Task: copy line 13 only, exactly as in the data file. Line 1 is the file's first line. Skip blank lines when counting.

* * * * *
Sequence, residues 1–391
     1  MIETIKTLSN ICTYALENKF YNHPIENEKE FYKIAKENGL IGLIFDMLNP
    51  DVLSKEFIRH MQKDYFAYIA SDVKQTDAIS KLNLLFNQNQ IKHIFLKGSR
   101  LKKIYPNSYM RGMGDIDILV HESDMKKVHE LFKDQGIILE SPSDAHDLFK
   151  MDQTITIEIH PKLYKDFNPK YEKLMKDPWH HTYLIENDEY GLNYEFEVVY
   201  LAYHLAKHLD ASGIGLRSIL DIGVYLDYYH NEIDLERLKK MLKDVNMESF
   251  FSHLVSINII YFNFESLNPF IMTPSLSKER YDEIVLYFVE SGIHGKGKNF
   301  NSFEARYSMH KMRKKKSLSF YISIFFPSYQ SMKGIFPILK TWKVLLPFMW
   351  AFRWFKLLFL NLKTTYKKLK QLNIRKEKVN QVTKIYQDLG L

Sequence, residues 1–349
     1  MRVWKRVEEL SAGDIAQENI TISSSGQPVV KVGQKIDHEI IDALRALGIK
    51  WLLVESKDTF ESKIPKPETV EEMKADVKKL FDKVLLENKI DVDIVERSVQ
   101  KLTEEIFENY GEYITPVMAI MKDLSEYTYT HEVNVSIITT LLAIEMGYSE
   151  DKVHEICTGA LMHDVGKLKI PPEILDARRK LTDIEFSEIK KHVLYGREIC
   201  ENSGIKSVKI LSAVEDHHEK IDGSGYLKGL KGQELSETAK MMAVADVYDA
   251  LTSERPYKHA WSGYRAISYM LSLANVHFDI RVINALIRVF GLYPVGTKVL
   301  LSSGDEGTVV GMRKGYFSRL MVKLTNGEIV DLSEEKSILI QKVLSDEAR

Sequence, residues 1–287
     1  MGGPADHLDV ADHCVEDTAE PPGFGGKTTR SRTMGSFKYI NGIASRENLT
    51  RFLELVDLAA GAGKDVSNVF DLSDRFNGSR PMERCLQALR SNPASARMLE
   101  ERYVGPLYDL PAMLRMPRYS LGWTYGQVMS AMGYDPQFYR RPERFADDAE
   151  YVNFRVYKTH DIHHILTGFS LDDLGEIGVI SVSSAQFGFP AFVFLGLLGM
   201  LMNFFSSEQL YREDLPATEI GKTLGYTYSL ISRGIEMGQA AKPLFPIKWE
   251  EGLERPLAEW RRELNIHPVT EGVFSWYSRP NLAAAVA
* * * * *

   101  KLTEEIFENY GEYITPVMAI MKDLSEYTYT HEVNVSIITT LLAIEMGYSE